34. 34. Are Video Games Art? The concept of video games as a form of art is a controversial topic within the entertainment industry. Though video games have been afforded legal protection as creative works by the Supreme Court of the United States, the philosophical concept that video games are works of art remains in question, even when considering the contribution of creative elements such as graphics and music.
    35. 35. Thumbs Down From Roger Ebert The late film critic Roger Ebert described video games as a non-artistic medium incomparable to the more established art form: “To my knowledge, no one in or out of the field has ever been able to cite a game worthy of comparison with the great dramatists, poets, filmmakers, novelists and composers. That a game can aspire to artistic importance as a visual experience, I accept. But for most gamers, video games represent a loss of those precious hours we have available to make ourselves more cultured, civilized and empathetic.” Ebert went on to say that video games don't explore the meaning of being human as other art forms do.
    36. 36. Enriching Lives Extra Credits, Season 1, Episode 07 - Enriching Lives (7:10)
    37. 37. Are Games Art? Extra Credits, Season 3, Episode 02 "Art" Is Not The Opposite Of "Fun” (6:23)
    38. 38. Video Game Addiction Video game addiction is an excessive or compulsive use of computer games or video games, which interferes with a person's everyday life. Video game addiction may present as compulsive game-playing; social isolation; mood swings; diminished imagination; and hyper-focus on in-game achievements, to the exclusion of other life events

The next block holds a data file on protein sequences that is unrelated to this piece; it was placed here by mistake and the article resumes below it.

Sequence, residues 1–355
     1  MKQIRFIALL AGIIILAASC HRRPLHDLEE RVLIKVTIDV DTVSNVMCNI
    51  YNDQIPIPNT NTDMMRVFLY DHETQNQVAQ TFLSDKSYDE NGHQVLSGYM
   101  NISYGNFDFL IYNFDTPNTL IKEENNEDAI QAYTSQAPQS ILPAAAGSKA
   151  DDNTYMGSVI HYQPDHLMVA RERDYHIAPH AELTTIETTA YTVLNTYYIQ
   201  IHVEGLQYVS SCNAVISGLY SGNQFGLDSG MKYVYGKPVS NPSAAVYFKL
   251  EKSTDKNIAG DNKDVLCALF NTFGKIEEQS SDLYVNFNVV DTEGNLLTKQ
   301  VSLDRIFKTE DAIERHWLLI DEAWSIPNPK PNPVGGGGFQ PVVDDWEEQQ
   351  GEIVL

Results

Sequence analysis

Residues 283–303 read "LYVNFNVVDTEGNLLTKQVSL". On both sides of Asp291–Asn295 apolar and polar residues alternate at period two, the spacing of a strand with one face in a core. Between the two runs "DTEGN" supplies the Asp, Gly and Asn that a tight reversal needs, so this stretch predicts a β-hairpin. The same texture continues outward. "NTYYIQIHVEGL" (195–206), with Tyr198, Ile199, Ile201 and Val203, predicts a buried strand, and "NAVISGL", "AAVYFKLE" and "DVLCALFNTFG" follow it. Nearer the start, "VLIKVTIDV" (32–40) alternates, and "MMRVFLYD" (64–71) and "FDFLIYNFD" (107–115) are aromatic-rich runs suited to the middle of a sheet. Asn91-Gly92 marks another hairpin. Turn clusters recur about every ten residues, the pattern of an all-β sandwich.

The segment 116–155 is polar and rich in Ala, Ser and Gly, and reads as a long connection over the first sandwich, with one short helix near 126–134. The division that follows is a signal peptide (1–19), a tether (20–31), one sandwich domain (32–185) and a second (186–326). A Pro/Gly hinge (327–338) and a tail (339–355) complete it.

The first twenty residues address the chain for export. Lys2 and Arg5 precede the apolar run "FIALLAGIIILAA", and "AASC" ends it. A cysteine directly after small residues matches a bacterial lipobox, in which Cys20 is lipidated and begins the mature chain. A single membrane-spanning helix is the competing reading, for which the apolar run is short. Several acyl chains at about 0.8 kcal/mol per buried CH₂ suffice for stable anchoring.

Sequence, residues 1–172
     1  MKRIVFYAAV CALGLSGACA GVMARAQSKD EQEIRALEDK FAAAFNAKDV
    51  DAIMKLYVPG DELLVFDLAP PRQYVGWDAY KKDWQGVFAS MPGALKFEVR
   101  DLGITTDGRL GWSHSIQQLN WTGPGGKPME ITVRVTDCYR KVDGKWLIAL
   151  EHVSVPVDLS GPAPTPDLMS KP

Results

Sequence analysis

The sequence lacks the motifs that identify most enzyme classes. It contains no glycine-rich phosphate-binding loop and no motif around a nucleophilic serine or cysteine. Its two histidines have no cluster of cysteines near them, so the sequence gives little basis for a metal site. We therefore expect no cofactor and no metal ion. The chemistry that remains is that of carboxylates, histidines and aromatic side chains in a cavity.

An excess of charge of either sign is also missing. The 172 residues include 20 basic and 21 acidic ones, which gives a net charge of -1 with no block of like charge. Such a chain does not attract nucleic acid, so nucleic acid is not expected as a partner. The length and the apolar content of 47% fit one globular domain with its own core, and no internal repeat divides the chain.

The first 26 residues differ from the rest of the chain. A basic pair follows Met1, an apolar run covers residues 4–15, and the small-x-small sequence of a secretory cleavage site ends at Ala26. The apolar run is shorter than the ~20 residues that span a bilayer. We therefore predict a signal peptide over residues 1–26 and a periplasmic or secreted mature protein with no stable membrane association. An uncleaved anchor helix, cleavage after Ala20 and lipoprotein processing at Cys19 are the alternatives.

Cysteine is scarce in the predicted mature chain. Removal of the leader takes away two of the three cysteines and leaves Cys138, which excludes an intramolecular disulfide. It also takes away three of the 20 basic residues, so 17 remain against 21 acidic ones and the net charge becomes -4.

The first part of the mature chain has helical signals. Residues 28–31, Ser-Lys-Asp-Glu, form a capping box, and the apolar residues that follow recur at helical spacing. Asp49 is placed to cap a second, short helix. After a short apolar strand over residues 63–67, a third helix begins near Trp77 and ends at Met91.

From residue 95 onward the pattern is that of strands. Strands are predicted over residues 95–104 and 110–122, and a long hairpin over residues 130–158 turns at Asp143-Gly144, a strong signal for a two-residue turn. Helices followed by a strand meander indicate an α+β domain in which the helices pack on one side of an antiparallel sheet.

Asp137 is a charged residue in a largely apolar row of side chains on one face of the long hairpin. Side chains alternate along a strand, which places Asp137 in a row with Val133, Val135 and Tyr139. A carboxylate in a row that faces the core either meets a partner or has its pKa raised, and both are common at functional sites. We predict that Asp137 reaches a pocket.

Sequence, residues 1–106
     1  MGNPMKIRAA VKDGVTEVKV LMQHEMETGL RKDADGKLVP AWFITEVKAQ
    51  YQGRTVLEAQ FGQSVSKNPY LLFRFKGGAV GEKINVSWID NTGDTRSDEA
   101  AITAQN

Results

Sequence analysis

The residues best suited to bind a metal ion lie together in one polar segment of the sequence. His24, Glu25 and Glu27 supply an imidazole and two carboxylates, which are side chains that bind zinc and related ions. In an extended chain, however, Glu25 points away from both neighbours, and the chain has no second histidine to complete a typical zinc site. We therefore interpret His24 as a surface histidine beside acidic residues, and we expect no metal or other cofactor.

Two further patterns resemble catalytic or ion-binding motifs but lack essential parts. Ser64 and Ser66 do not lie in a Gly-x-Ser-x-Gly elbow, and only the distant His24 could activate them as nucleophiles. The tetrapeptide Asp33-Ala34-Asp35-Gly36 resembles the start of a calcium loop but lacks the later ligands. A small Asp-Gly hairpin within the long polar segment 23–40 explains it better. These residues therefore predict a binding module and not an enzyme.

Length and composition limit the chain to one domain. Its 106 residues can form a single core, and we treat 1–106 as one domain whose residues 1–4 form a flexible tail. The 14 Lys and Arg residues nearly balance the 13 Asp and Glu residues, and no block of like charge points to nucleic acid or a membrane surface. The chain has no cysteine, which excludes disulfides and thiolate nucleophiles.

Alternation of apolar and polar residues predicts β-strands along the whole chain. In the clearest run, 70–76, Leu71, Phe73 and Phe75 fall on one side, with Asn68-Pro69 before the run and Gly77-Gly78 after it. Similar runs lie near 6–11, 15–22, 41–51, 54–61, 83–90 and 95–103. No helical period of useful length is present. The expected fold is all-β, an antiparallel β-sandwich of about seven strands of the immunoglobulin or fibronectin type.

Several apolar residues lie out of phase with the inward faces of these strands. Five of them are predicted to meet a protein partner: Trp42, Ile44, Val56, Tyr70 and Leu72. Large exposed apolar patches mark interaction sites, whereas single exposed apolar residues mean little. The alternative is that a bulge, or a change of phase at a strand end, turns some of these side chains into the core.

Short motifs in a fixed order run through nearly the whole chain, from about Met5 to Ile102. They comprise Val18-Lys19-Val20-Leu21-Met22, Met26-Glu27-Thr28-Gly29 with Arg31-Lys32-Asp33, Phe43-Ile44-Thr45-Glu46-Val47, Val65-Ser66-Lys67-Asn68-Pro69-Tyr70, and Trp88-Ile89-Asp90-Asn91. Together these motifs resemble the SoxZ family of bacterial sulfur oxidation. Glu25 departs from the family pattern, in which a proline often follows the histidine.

39. 39. Video Game Addiction Extra Credits, Season 3, Episode 04 - Game Addiction (pt. 1) (6:23)
    40. 40. Video Game Addiction  Does Extra Credits think video games are addictive?  What does Extra Credits say is the point at which playing video games becomes a problem for the player?  What suggestions does Extra Credits have for parents whose children spend a lot of time playing video games?
    41. 41. Terms  Educational games are games that are designed to teach people about certain subjects, understand an historical event or culture, or assist them in learning a skill as they play  Serious games are simulations of real- world events or processes designed to train or educate users
    42. 42. Games In Education Extra Credits, Season 6, Episode 22 - Games in Education (6:01)